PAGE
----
Questionably Graded Coins in Online Auction

The above screenshot shows what looks like an almost uncirculated Morgan graded MS65 by a relatively unknown holdering company. Owen McKee, an Iowa coin dealer with whom I have done business for years, questions the grade in his Proxibid description. 

I like that about this auction. McKee's buyer premium may be high at 20%, but he offers hundreds of lots with something for everybody, and I've scored some nifty coins in his online sessions. I'll don't like paying premiums above 15%, but I do like auctioneers I can trust because of their numismatic knowledge.

Actually, the slab and grade in the screenshot above is not extreme, as far as these things go. And grading is subjective ... to a point or two. But there are some companies that exaggerate grades in their labels to such extent that coin dealers like McKee have a difficult time not making a qualitative comment about the lots--lots he is selling for one of his consignors, by the way. (That says something.)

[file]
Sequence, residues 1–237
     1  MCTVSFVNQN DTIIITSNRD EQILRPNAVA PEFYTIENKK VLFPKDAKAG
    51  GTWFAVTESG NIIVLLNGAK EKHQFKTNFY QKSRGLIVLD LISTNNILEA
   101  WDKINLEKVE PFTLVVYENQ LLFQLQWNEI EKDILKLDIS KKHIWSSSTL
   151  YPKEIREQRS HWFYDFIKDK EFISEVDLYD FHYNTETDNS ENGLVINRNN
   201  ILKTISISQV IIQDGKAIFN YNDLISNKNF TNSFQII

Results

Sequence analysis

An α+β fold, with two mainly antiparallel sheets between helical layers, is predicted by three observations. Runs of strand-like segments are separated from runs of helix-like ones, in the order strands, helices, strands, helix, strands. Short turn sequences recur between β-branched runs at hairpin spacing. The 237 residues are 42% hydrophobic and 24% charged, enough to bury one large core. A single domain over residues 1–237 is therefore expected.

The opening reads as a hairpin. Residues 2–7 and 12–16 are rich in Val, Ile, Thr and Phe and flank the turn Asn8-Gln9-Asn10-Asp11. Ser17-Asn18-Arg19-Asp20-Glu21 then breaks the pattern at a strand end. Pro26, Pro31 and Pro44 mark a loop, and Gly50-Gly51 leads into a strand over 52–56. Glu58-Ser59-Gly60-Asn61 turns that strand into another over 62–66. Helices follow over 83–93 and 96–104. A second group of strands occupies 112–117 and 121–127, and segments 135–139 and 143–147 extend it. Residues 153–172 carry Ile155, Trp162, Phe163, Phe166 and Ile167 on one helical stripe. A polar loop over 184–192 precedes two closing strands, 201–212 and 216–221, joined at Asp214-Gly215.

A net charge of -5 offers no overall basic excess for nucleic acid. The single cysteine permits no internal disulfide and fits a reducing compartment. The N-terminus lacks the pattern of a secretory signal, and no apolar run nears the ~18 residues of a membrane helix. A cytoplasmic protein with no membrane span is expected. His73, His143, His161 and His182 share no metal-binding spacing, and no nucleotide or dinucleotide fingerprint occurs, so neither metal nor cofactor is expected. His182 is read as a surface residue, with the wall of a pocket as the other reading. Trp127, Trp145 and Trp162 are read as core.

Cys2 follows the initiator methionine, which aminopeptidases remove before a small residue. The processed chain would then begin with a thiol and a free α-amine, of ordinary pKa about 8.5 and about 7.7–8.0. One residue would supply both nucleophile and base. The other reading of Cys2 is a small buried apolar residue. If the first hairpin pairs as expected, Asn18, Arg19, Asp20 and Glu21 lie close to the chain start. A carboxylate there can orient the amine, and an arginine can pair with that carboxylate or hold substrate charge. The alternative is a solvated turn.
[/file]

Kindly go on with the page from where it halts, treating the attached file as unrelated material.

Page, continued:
McKee calls the grading of this 1898 Morgan, purportedly MS66, "atrocious." 

You will have to decide whether to bid on these types of coins. I bid on raw or uncertified coins, using my grading judgment, and ones slabbed by PCGS, NGC, ICG, and ANACS. I will consider coins slabbed by the green or gold PCI and SEGS. But when I see lots in holders like the 1898 one, I navigate right on by.

Well, that's not entirely correct if the date of a coin may contain a rare variety, such as a "tailbar" 1890-CC Morgan or "double-die reverse" 1901 Morgan. In the past, I have scored these varieties on bottom-tier slabs because the person holdering them did not recognize the rarity or include it on the label.

But you get the point. Bid cautiously. Deal with auctioneers you trust, as I do Owen McKee.

One more thing: If an online auctioneer ever assigns a high value, such as might be found in Coin Values or PCGS Price Guide, to a coin in one of these bottom-tier holders, you may want to reconsider bidding in that online session. Proxibid rules forbid assigning a value to these types of coins. When I see an auctioneer do this, I report the item--a feature that Proxibid has added to its online auctions.

Also, eBay has had similar rules for coins for years now. You can read about their guidelines by clicking here